Sep 21 | 2020
Next week, Breakbulk Europe’s digital special will shine a spotlight on sustainability.
“Growing a Sustainable Future”, a new webinar from Breakbulk, will gather industry experts who are committed to going green. Be there to learn deep insights into how, despite COVID-19, the project logistics industry is adapting to build a cleaner, greener future.
In the meantime, see below for a quick overview of how some of breakbulk’s top companies are doing their bit to improve sustainability.
Green logistics in breakbulk
The headline goal for sustainable project cargo logistics is simple: cut down on emissions; reduce greenhouse gases; lower the industry’s climate impact.
There are also other benefits away from the purely environmental.
By switching to renewable energy, for instance, ports may be able to provide clean power to tenants and visitors at a lower cost. This is something that has been explored at the Port of Vancouver, Canada, for more than a decade.
Additionally, there is a human element here. Sustainability does not mean just going green. It also means protecting workforces around Europe and the world too.
Otherwise, the arguments for sustainable project logistics include:
- Lower emissions
- Cost savings
- Protected, motivated workforces
“Sustainability has just continued to rise up the corporate agenda,” Roger Strevens, vice president of global sustainability at Wallenius Wilhelmsen, told Breakbulk ahead of his participation in "Growing a Sustainable Future."
It’s very true that Wallenius Wilhelmsen is one of the global leaders in realigning its business with green logistics. Its Lean:Green programme lays out six key steps about how the carrier is achieving its sustainability goals:
- Drive progress through initiatives that are both lean and green
- Focus on high impact changes, for people and the environment
- Advocate for environmentally sound regulations
- Find and fund “Lean:Green” technologies and sustainable solutions
- Embrace transparency; be visible and be credible
- Leverage the company’s sustainability expertise for commercial value
Alongside partners Danish shipping line AP Moller - Maersk, the carrier recently joined forces with retailers and academic groups to develop an alternative low-cost marine fuel known as LEO, a blend of lignin and ethanol, as a reaction to this.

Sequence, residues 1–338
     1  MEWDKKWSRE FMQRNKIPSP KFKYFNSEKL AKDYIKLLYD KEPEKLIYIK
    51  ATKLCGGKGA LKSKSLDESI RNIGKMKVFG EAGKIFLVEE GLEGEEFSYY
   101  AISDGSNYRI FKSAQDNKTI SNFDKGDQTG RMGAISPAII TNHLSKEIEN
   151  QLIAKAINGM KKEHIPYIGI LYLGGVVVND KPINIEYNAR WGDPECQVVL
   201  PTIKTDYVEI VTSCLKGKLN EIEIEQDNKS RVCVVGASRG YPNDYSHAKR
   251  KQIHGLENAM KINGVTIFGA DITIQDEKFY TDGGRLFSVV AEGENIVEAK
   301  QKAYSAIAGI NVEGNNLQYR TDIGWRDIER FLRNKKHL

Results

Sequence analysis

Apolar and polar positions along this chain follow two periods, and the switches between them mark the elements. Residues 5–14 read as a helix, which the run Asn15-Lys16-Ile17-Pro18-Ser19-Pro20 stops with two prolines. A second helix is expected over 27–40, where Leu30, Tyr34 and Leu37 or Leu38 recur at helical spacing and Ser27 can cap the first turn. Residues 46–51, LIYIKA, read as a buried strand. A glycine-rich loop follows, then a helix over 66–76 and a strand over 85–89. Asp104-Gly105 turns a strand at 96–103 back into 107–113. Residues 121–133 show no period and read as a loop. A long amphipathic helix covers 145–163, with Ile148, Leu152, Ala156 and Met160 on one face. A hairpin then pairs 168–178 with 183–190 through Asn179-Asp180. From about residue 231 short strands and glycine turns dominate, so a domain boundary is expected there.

Maersk alone acquired $5bn in credit to push ahead with its sustainability plans in February 2020. The global shipper wants to reduce its CO2 output by 60% by 2030.
SAL is also preparing to use a new hydrogen/methanol injection technology, FS Marine+, developed by Fuelsave, a German developer of green technology for industrial clients and transport, to reduce emissions and air pollution and increase fuel efficiency within its fleet.
According to a SAL statement, the carrier has been testing a prototype of the technology on the SAL Annette for two years. Additionally, SAL will be retrofitting its fleet to run on this new fuel going forward.
IMO2020 came into force in January 2020, essentially meaning all shippers have to switch to low sulfur fuels.
Agility is pursuing its own ambitious environmental strategy. By 2025, it plans to cut its emissions by 25% from 2016 levels.
Agility Chairwoman Henadi Al-Saleh said: “Green technology is a major focus of our investment strategy, and we’re always on the lookout for dynamic new businesses that can revolutionize the supply chain to help protect the planet. We are looking at innovative solutions that drive business value by reducing costs, increasing efficiency, and reducing energy consumption at the same time.”
Hybrid truck technology firm Hyliion and solar tech firm TVP Solar will be on the receiving end of $18m investment from Agility as part of the logistic firm’s wider sustainability commitments.
Europe leading the green conversation
According to the Getting to Zero Coalition, Europe is at the forefront of sustainable shipping.
Getting to Zero is a worldwide association of shippers and maritime logistics companies that, as the name suggests, are collaborating to drastically drop emissions from sea transport.
The group’s goal is to make zero-emission fuels and technologies for the maritime industry commercially viable by 2030.
As of August 2020, Europe is leading the way in this regard.
The Coalition has analysed 66 projects from across the world and reiterated its call for the industry to utilise alternative fuels and green technologies.
The vast majority, 49, came from Europe – far outstripping the 16 Asian developments.
Europe-based projects are also more likely to receive government support, which increases their chance of succeeding.
“The majority of projects covering fuel production focus on green hydrogen which is largely due to hydrogen’s position as a building block for the production of other fuels such as ammonia or methanol,” said Kasper Søgaard, head of research at the Global Maritime Forum, a Getting to Zero Coalition partner.
Join the sustainability conversation at Breakbulk Europe
Are you looking to find partners committed to greener project logistics? Maybe you have new sustainable tech solutions you want to showcase? Then be at Breakbulk Europe.
The event will return in 2021 to help connect all players in the project cargo ecosystem for all-important networking, deal-making and financial year planning.
If you would like information on the future event, please contact the team today.